Marlene Apolczer is a Recruiter at Northern Health, which is one of six health authorities in the province of British Columbia and the largest geographic health authority in B.C., covering almost two thirds of the province.
We visited Marlene at one of Northern Health’s offices in Prince George, B.C., to find out about the career opportunities at Northern Health as well as her career advice for healthcare students and new graduates.
Starting your career at Northern Health
Marlene says Northern Health is very welcoming to new and recent grads, and provides a number of training and development opportunities for new staff in their chosen profession.
Northern Health is also growing rapidly with two new facilities opening later this year: the Fort St. John Hospital and Residential Care facility, and the BC Cancer Agency Centre for the North in Prince George.
The people who fit in best at Northern Health, Marlene says, are those who:
- are passionate about the work they do
- enjoy working in interdisciplinary and collaborative team environments
- want to make a different in their daily work as well as within Northern Health as an organization
Living in Northern B.C.
Northern Health employees also enjoy great work-life balance, Marlene says. As a new grad employee, that means you can experience challenging, meaningful work during the day and then enjoy the myriad of recreational activities that Northern B.C. offers, including skiing, snowboarding, skating, snowshoeing, snowmobiling and tobogganing in the winter, and boating, camping, running and fishing in the summer, to name just a few.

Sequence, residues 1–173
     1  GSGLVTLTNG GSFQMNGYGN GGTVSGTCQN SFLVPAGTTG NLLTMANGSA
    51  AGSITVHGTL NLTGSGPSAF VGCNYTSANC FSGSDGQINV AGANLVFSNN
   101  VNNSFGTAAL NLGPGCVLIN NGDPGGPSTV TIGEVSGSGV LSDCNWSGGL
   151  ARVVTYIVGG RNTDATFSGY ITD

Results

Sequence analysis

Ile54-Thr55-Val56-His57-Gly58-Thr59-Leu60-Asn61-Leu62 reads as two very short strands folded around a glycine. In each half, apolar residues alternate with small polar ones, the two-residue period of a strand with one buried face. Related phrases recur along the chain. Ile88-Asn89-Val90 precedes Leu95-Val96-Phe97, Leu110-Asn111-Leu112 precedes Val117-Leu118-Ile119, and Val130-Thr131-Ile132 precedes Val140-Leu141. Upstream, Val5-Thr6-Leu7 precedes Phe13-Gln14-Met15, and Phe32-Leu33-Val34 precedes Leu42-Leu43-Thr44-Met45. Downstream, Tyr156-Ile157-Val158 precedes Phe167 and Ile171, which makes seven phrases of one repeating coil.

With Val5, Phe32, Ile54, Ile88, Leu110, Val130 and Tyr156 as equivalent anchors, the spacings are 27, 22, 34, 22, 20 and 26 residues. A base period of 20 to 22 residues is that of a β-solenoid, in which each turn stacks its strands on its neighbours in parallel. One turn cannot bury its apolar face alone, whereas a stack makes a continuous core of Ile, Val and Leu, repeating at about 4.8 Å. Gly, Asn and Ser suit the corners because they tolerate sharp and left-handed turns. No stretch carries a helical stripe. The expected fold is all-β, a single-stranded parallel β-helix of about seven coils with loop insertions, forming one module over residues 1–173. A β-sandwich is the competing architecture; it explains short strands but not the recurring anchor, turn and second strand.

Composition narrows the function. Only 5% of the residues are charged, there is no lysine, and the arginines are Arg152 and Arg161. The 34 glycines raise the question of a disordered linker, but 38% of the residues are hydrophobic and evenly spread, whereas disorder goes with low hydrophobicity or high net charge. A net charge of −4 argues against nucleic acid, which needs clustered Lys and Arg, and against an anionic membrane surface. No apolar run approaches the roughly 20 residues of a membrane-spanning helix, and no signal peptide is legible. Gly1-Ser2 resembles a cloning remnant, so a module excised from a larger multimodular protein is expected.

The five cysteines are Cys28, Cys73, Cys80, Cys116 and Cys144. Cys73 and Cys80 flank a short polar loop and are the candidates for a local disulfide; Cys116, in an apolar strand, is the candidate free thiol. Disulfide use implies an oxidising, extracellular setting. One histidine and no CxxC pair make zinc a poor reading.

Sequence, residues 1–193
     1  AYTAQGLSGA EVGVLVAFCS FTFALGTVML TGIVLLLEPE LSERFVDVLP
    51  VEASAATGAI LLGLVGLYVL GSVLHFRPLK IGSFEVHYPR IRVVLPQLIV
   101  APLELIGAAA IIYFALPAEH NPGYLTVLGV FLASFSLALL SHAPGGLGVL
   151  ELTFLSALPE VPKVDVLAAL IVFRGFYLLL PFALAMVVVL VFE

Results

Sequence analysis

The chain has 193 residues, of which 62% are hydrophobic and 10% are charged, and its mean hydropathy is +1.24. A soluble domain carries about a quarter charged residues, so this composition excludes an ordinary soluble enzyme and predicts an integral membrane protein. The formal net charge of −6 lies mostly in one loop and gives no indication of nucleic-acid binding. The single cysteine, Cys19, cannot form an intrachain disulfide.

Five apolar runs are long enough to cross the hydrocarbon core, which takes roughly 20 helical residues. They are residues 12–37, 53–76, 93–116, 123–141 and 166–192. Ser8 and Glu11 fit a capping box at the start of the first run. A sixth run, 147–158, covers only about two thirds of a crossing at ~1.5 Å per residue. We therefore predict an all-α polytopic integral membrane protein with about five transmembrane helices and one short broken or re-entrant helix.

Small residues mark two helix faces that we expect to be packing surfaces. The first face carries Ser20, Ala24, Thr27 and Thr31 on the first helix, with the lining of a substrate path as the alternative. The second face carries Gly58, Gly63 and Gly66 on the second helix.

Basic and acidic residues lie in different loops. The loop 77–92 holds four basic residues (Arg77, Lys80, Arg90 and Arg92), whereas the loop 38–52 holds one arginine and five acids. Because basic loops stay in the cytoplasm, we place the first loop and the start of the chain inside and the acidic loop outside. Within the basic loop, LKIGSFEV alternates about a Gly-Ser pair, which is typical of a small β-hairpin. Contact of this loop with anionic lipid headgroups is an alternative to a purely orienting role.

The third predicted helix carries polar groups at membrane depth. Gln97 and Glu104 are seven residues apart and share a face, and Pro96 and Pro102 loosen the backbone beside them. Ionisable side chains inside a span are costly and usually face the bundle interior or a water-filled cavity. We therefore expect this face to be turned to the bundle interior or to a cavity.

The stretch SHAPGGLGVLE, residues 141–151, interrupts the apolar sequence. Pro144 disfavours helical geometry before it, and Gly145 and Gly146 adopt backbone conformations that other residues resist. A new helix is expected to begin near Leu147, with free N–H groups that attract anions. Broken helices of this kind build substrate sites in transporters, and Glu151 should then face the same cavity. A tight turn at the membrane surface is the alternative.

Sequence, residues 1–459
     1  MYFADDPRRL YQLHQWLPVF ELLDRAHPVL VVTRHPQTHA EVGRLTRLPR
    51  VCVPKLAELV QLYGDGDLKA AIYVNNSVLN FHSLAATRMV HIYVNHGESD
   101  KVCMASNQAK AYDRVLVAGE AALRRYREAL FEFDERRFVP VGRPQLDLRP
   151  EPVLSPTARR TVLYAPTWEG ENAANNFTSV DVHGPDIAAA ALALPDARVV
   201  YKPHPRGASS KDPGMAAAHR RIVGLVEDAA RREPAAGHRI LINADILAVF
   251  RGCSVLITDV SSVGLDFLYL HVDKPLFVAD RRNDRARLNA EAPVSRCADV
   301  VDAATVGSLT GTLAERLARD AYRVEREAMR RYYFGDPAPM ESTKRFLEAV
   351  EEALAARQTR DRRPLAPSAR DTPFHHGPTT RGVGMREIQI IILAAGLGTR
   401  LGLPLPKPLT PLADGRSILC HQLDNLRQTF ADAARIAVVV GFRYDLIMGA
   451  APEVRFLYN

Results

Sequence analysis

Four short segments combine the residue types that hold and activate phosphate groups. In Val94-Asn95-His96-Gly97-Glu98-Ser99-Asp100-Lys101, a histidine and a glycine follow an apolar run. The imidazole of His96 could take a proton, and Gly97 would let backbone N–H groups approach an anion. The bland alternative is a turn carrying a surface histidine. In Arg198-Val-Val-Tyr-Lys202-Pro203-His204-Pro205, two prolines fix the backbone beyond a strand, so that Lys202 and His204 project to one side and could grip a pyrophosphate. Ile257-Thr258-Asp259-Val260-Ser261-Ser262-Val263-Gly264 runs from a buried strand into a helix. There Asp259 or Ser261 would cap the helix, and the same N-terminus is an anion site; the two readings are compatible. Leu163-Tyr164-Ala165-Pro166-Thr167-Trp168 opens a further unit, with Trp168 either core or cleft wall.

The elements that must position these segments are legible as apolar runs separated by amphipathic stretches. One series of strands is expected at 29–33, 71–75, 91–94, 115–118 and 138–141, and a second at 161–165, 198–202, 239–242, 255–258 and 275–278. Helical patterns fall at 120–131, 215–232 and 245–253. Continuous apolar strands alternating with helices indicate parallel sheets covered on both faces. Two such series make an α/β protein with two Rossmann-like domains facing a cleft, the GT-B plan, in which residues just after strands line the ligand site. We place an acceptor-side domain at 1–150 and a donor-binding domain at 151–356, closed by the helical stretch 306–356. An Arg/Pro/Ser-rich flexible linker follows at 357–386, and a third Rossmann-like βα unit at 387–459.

Career tips for healthcare students and recent grads
When you’re applying to job opportunities at Northern Health, you should think carefully about the job you’re applying for and try to demonstrate that you really are a good fit for that job by showcasing your relevant experience and skills on your resume. Marlene says you should talk about your volunteer work, practicum placements and relevant work experience.
Her biggest piece of advice, however, is to be open to the many different possibilities available to healthcare professionals. She says students and new grads should try to get work experience in both rural and urban settings to figure out which one you like best, learn about yourself as a practicing professional, and find the niche you want to grow and develop in.